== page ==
'The Euterpe Piano' was a brand name manufactured and sold by the Peek & Son Piano Company of New York during the late 19th and early 20th Century era.
David C. Peek is first listed as a cabinet maker and organ builder in New York City circa 1820, with his first workshop located at 36 Rhynders & Broome Street, New York City. In 1822, David C. Peek was listed as a partner in the organ building firm of 'Peek & Burns', a short lived partnership which dissolved the next year. David C. Peek continued working as a cabinet maker and piano tuner until he joined William Brennison in the piano manufacturing firm of 'Peek & Brennison' in 1842. Peek & Brennison was awarded a citation for their piano cases and a diploma for second place at the American Institute Fair that same year. David C. Peek is not mentioned again after about 1856.
David T. Peek, son of David C. Peek, is first listed as building pianos and melodeons in New York City in 1850. His first workshop was listed at 540 West 40th Street, with several different subsequent addresses as the firm continued to grow and prosper. David T. Peek worked under the name of 'Peek & Company' until about 1870. In 1872, Peek admitted his son into partnership, and the name of the firm became 'Peek & Son'. Peek & Son was most well known for their line of pianos sold under the label of "The Opera Piano", with 'The Euterpe Piano' being a less popular model built in smaller numbers.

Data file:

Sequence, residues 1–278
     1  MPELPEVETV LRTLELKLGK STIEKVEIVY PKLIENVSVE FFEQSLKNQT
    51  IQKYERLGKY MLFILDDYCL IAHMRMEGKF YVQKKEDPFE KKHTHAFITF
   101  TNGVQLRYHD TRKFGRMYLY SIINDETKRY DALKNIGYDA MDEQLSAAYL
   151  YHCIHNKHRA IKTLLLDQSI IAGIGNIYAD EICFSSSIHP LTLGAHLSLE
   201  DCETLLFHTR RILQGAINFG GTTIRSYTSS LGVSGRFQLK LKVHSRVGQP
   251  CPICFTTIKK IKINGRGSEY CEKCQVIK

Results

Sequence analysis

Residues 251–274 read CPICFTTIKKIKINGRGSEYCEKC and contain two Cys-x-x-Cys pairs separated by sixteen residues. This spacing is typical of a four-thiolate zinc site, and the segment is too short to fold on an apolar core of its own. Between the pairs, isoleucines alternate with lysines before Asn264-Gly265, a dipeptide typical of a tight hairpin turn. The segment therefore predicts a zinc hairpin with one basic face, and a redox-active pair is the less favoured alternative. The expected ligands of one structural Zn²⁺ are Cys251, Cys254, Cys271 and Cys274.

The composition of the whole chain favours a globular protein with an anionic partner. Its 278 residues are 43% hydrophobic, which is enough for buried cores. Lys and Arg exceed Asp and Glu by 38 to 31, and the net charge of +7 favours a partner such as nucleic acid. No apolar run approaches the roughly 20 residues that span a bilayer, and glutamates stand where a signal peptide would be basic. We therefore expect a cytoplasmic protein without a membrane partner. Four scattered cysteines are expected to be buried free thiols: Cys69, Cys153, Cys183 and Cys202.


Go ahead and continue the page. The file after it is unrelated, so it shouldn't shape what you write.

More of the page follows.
Peek & Son was associated with The Jacob Brothers Piano Company of New York, and they manufactured a line of pianos for The Jacob Brothers Piano Company during the early 20th Century. Peek & Son built high quality upright and baby grand pianos for decades, and the Peek & Son, Opera Piano and Euterpe names were produced up until the Great Depression era. Instruments by Peek & Son are a bit rare today, indicating that they were not produced in high volume like other New York piano manufacturers.